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Today's Stichomancy for Groucho Marx

The first excerpt represents the past or something you must release, and is drawn from Historical Lecturers and Essays by Charles Kingsley:

tried to do him justice) that under all his verbiage and confusion there was a vein of sound scientific, experimental common sense.

When he talks of astronomy as necessary to be known by a physician, it seems to me that he laughs at astrology, properly so called; that is, that the stars influence the character and destiny of man. Mars, he says, did not make Nero cruel. There would have been long- lived men in the world if Saturn had never ascended the skies; and Helen would have been a wanton, though Venus had never been created. But he does believe that the heavenly bodies, and the whole skies, have a physical influence on climate, and on the health of men.

He talks of alchemy, but he means by it, I think, only that sound

The second excerpt represents the present or the deciding factor of the moment, and is drawn from Emma McChesney & Co. by Edna Ferber:

I don't know that I can just exactly put it into words. I mean this: Some people are just bound to--to give, to build up things, to--well, to manufacture, because they just can't help it. It's in 'em, and it's got to come out. Dynamos--that's what Henry's technical books would call them. You're one--a great big one. I'm one. Just a little tiny one. But it's sparking away there all the time, and it might as well be put to some use, mightn't it?"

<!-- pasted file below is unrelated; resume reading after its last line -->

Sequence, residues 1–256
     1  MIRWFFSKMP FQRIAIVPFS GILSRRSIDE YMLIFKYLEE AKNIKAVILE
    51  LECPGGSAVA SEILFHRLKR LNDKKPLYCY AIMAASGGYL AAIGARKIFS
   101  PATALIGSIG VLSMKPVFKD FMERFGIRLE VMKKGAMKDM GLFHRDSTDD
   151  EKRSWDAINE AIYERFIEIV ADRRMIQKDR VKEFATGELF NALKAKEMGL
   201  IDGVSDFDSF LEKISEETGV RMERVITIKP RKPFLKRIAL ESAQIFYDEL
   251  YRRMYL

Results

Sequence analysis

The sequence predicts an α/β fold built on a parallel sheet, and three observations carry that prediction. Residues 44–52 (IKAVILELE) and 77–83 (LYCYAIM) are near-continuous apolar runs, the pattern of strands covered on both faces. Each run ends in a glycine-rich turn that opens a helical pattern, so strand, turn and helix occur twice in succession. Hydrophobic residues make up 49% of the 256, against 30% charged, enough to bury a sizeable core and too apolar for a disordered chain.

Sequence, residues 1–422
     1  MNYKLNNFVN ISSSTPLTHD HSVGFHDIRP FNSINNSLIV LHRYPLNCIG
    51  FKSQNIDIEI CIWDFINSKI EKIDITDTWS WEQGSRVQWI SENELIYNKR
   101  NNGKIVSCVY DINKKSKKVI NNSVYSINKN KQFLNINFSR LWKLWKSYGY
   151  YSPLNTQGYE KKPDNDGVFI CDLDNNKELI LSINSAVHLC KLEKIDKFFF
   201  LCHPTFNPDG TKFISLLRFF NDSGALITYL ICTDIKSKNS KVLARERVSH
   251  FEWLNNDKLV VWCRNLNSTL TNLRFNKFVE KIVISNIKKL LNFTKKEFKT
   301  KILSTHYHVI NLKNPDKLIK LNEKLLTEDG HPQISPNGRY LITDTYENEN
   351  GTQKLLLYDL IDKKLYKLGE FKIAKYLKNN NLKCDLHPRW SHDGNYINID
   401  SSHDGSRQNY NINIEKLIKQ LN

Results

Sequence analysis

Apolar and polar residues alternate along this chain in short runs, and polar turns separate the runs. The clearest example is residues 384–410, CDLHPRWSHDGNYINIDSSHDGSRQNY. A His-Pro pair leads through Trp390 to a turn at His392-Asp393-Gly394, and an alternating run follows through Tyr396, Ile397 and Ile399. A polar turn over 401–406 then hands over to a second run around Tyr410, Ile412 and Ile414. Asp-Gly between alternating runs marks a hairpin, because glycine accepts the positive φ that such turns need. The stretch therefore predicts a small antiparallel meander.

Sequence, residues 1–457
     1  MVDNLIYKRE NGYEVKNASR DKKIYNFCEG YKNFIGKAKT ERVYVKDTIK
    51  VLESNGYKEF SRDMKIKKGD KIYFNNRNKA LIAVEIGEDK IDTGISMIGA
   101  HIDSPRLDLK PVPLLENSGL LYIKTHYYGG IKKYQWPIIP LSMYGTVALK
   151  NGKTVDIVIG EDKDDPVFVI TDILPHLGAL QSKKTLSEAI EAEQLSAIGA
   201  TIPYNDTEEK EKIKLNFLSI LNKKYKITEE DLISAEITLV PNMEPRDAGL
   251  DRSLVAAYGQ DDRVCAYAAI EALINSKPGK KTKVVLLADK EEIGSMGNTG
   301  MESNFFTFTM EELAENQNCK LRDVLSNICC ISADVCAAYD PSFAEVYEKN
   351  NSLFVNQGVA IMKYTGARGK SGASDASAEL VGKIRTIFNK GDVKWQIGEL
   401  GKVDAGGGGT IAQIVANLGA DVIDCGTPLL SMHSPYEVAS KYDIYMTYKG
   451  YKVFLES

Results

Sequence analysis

Emma bent down and kissed the troubled forehead, and then, very tenderly, the pretty, puckered lips.

"Little Hortense," she said, "you're asking a great big

Emma McChesney & Co.
The third excerpt represents the future or something you must embrace, and is drawn from Agesilaus by Xenophon:

bay where every defile gave a coign of vantage, would give him mastery complete.[29]

[28] Lit. "perioecid"; see Plut. "Ages." xxxii. (Clough, iv. 39); "Hell." VI. v. 32.

[29] Is this parallel to "Hell." VII. v. 10, or "Hell." VI. v. 28? According to the historian, Agesilaus adopted similar tactics on both occasions (in B.C. 369 and B.C. 362 alike). The encomiast after his manner appears to treat them as one. Once and again his hero "cunctando restituit rem," but it was by the same strategy.

After the invading army had retired, no one will gainsay the sound sense of his behaviour. Old age debarred him from active service on